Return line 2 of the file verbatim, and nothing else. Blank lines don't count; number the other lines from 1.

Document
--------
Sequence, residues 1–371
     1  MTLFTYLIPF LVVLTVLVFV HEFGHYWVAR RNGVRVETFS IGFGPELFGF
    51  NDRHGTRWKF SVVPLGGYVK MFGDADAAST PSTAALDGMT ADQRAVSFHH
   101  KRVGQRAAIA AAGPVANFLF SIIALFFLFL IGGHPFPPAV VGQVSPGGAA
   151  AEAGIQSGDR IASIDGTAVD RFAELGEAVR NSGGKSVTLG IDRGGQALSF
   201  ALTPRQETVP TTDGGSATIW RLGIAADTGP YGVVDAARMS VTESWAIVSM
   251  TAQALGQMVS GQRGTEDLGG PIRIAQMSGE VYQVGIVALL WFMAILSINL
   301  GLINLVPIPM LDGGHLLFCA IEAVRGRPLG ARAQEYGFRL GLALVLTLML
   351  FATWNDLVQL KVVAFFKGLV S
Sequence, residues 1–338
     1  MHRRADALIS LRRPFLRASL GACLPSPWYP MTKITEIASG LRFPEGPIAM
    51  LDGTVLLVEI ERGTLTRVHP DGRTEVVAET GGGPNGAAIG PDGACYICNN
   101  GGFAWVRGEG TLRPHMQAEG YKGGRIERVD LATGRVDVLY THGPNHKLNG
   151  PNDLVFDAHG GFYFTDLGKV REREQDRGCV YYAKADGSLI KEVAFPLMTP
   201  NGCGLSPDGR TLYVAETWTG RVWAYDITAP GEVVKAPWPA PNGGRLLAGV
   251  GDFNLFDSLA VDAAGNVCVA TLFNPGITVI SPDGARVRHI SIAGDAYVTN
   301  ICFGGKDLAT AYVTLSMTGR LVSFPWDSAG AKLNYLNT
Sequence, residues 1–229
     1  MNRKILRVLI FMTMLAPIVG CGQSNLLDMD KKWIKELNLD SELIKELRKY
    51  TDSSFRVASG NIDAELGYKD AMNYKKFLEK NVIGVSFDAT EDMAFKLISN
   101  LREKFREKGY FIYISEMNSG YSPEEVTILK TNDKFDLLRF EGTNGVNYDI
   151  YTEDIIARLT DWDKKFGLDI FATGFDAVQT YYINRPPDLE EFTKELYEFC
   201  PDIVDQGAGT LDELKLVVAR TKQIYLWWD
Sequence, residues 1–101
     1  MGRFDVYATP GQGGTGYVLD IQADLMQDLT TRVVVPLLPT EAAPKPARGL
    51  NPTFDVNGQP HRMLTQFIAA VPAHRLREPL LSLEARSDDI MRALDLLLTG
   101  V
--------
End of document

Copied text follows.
     1  MTLFTYLIPF LVVLTVLVFV HEFGHYWVAR RNGVRVETFS IGFGPELFGF